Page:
Time for The Goldies

FoodService Director's annual salute to best practices in non-commercial foodservice is now open for entries.

By 
Paul King, Editor

It’s hard to believe we’re almost into October. Where did the summer go? Actually, I have a pretty good idea where my summer went—beaucoup business trips, some of them necessitated by the sale of our company to a group of investors led by a new CEO who has indicated he will be an active participant in trying to grow our business.

Arriving home from the Society for Foodservice Management’s annual conference last week, I began to examine all of the projects that need to be completed before the end of this year. I first thought about the redesign of the magazine that will be launched in January. Then I checked into the plans that are underway for the 2013 MenuDirections conference, to be held next March in Tampa, Fla. That’s when it struck me: We are less than three months away from the deadline for the 2013 Goldies Awards.

The third annual awards program, which celebrates the gold standard in high-volume foodservice, has undergone a few changes. Most significant is that, for the first time, awards will be handed out by market segment, versus by topic. So hospitals will be competing against hospitals, colleges against colleges and so forth. So operators will have the opportunity to be considered the best in their markets.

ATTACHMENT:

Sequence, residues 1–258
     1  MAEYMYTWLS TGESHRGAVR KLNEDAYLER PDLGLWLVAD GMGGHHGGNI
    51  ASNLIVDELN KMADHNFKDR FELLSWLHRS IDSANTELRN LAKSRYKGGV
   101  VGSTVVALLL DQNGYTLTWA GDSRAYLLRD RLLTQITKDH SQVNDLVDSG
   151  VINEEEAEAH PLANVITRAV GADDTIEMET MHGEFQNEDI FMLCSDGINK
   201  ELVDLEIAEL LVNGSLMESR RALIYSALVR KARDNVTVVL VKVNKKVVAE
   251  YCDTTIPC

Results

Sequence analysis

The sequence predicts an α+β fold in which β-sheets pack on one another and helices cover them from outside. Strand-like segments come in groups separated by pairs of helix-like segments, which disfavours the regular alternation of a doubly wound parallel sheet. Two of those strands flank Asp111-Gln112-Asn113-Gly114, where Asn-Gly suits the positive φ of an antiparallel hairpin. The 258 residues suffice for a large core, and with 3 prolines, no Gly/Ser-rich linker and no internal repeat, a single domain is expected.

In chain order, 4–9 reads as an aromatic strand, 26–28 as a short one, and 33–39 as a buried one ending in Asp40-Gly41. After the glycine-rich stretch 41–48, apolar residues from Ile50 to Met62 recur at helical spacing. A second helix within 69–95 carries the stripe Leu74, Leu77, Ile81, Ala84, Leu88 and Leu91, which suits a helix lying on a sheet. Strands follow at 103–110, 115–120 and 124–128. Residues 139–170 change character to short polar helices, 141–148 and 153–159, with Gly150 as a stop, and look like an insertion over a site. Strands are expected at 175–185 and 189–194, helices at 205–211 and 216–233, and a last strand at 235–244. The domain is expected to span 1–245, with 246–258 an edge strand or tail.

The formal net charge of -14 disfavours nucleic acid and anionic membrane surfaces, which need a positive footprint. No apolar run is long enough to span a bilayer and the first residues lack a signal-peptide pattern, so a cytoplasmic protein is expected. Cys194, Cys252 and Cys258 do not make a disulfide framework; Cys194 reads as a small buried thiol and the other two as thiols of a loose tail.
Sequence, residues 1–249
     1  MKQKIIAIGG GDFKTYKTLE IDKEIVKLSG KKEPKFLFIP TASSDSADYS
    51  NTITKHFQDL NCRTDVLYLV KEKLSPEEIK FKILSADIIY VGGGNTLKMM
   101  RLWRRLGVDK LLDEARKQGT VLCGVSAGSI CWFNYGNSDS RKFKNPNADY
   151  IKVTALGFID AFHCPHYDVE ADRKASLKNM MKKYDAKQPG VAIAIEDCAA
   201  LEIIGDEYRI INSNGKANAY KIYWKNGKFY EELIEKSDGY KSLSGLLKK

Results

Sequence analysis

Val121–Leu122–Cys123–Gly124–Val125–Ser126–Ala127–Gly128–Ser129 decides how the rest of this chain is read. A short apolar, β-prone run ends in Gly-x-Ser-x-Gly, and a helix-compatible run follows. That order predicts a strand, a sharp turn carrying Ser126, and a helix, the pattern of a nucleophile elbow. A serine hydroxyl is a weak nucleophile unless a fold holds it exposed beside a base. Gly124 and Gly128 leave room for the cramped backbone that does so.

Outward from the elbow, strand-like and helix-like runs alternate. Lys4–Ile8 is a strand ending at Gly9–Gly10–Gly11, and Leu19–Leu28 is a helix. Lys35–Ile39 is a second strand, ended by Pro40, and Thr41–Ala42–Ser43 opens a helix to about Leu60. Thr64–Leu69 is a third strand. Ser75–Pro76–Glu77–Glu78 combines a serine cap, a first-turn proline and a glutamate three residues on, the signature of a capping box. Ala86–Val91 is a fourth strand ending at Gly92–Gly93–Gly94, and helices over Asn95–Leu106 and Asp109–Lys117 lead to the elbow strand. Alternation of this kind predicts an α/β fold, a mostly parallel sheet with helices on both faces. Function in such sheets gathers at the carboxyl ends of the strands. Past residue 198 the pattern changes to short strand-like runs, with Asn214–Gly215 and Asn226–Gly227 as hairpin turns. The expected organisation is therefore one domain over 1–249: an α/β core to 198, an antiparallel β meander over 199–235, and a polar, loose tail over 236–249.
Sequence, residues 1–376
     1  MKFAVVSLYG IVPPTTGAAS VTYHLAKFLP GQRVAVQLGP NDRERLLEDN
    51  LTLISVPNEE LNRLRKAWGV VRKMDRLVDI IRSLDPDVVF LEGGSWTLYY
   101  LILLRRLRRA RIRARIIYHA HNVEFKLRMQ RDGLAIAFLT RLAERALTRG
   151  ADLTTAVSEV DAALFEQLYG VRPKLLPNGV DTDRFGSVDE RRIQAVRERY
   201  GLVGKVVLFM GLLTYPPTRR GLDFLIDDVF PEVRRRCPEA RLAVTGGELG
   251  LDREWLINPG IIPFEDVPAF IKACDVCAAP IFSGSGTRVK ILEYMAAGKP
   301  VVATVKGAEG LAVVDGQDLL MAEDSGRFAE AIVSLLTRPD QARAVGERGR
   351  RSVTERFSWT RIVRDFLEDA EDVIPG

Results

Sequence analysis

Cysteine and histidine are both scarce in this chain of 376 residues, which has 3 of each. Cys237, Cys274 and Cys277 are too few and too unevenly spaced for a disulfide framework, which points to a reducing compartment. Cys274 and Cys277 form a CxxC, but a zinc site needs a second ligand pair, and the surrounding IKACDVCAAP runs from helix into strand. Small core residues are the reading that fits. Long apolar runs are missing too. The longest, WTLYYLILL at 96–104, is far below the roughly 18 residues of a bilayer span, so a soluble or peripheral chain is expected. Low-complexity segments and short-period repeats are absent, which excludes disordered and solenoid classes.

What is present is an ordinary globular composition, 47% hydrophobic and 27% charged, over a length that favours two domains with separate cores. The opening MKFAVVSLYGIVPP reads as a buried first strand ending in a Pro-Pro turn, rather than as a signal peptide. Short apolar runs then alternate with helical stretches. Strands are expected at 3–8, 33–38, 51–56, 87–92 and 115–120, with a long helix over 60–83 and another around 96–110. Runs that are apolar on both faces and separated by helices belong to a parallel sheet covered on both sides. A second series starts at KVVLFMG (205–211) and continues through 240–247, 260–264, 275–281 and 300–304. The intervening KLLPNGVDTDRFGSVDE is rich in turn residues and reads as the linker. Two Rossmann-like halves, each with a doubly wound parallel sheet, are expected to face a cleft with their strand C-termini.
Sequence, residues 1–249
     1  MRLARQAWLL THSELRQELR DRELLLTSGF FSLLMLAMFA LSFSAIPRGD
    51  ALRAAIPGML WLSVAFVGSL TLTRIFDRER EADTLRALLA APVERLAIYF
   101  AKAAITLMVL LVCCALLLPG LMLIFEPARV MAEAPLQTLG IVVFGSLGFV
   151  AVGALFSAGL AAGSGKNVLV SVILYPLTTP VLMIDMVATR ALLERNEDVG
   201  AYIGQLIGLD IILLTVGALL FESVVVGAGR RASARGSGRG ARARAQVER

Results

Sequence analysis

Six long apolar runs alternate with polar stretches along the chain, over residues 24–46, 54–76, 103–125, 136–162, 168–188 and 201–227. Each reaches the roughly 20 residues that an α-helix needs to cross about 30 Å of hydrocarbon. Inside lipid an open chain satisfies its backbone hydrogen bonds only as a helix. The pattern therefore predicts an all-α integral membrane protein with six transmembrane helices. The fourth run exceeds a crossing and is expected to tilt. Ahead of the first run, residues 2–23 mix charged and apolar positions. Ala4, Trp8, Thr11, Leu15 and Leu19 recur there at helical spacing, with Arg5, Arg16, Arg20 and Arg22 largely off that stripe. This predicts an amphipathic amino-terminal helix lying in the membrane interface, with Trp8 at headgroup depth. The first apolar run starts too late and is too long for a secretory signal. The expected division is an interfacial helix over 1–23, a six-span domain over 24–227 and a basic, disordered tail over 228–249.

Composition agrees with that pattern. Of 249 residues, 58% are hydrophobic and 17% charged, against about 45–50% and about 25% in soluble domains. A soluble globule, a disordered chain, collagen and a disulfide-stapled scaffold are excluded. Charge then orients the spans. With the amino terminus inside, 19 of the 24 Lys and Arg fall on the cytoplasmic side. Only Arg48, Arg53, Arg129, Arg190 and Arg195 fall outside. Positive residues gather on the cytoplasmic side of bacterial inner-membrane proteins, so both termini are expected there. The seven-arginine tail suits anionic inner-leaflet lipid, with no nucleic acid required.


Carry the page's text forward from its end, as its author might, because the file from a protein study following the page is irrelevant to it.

Second, we will be honoring the “best of the best” with the first Grand Goldie. This will be announced at our awards banquet during the MenuDirections conference.

Operators can consider several elements of their operations to highlight their gold standard approach to service. You can focus on your department’s approach to sustainability, or your wellness efforts, or your skill at focusing on your customers, to name a few. A complete list of suggestions, along with all the information you need to enter the competition, can be found here. And if you need inspiration, you can view videos of last year’s winning entries here.

One final thought: If you’ve entered in the past, and your concept or program didn’t win, don’t hesitate to resubmit it. One of the major criteria is the ability of the idea to stand the test of time. We’ve seen many great ideas entered that hadn’t had enough “seasoning.” You might just have been ahead of your time.

So talk with your staffs about what makes your operations reflect best practices in the industry. Then, make a plan to tell us. The deadline is Dec. 15.